Image via Wikipedia ; unattributed.
The denialists are mocking the idea of anthropogenically forced increase in Atlantic hurricanes, never mind tropical storms in general.
You could in fact plot “landfalling hurricanes in the US” and get a much noisier plot wherein there is a “robust decline“, the idea that this counts as evidence against anthropogenic forcing being quite disingenuously implied.
But my point again is that (Update: perhaps) the system is getting wobblier. Suppose you take the event “over 15 Atlantic
hurricanes named storms” as a matter of interest. These are the darker of the swans. The number of instances is too rare to extract a statistical trend, but that null result does NOT mean that such events aren’t more likely than they used to be. And what of “over 25 Atlantic hurricanes named storms”. We only have a single event. It’s quite recent. But it’s been followed by more or less ordinary seasons, and extraordinarily few US landfalling hurricanes (currently we are in a record three year gap since the last, and counting).
Now, just for the sake of argument, imagine that hurricanes pretty much go away for thirty years, and then suddenly come back in greater force than ever, with year after year competing with 2005 for a few decades. Then imagine they drop down to an unprecedented low, with no Atlantic tropical storms for a long while. Projecting this trend onto CO2 would yield nothing.
Yet it is not out of the range of the plausible, because several features of the atmosphere have to align for a strong tropical storm year, and each of them is subject not only to monotonic forcing but to wobbles as the system gets larger and larger transients. In other words, the entire complex behavior, by hypothesis, might be forced. The absence of a trend is not enough to say that it is not anthropogenic climate change.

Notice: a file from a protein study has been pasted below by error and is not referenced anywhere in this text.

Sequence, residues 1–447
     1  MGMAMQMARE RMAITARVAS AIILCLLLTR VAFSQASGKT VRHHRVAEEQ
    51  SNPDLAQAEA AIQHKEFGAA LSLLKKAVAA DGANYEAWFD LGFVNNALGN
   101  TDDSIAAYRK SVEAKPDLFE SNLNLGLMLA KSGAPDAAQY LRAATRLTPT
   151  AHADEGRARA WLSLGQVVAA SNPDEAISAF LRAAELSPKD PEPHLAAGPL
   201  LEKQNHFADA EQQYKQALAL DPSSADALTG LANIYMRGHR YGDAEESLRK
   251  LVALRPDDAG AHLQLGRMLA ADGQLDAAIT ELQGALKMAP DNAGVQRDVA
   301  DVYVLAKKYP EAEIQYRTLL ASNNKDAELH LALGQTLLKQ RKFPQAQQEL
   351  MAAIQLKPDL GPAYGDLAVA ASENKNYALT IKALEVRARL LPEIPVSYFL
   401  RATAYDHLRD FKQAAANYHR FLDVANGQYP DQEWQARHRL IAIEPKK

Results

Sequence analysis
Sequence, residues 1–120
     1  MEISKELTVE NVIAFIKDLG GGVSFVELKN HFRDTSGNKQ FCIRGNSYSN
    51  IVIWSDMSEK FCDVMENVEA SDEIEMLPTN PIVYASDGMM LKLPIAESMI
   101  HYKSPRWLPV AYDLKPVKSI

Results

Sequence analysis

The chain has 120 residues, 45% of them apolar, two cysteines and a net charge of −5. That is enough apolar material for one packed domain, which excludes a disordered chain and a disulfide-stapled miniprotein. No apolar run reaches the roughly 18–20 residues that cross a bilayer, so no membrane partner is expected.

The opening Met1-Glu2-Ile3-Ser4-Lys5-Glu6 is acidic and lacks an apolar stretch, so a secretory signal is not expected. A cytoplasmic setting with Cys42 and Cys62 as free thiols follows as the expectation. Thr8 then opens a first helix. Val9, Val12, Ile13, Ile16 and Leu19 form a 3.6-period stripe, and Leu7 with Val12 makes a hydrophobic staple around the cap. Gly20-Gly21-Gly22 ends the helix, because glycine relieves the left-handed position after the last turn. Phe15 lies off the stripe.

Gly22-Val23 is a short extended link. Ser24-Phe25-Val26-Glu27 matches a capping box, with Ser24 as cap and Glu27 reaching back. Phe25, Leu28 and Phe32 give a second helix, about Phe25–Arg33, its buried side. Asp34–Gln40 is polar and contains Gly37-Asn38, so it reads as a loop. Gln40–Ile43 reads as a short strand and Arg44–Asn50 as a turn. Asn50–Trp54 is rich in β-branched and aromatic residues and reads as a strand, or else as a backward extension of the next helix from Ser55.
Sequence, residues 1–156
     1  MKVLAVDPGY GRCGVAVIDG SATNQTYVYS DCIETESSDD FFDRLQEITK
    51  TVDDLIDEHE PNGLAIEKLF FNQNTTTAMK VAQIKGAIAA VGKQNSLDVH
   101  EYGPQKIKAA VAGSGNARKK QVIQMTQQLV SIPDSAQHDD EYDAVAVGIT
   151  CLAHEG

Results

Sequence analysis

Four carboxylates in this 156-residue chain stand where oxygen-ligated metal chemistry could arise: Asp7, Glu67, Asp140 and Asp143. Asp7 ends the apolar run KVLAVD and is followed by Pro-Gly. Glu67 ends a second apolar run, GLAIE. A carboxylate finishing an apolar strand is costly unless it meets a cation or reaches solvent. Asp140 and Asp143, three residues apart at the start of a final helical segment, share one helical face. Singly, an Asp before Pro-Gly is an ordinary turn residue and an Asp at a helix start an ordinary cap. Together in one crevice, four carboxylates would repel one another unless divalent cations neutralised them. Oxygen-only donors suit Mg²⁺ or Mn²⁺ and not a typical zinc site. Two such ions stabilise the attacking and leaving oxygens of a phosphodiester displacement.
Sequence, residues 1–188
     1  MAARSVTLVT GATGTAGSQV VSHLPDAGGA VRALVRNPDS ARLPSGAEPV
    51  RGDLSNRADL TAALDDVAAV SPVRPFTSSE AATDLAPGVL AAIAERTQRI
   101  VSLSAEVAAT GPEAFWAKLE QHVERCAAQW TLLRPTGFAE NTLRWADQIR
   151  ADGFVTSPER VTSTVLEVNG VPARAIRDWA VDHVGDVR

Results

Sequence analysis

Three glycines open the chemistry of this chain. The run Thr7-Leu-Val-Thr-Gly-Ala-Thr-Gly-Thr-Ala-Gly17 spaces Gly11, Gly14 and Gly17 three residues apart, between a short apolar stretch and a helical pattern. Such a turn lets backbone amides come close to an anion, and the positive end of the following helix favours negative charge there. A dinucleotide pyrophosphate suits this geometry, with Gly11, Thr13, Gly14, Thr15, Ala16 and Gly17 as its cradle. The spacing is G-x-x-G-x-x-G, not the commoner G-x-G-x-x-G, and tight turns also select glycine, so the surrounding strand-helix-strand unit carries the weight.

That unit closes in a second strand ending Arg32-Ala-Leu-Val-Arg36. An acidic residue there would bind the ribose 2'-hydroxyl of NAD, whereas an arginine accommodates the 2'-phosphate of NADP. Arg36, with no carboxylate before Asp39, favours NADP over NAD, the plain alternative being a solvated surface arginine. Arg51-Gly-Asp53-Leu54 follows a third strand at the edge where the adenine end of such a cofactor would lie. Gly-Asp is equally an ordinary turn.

Admittedly, this gets us in the quandary of what evidence to accept as supportive and what to reject. Certainly, explicitly predicted outcomes provide stronger support for the details of the science than complete surprises. Some people are still stuck in hypothesis testing mode, which I think is starting to get a little bit crazy. We can only test hypotheses that way. We cannot use that approach to establish that changing the radiative properties of the atmosphere is safe.
My claim is that we need to get our thinking out of nudge-world. This is not a “nudge”:
(A bit out of date; please mentally extend the green line about to about 394 for today, and probably no less than 500 by the time we are done; perhaps more. I believe the chart is from Hansen’s group but I found it here, courtesy of an oil company btw.)
I don’t understand why people don’t anticipate some ringing in a system that gets kicked this hard.
Update: A real meteorologist speaks on the subject. Less systems theory and philosophical handwaving, more details. Scary enough, but I still see signs of nudge-world thinking.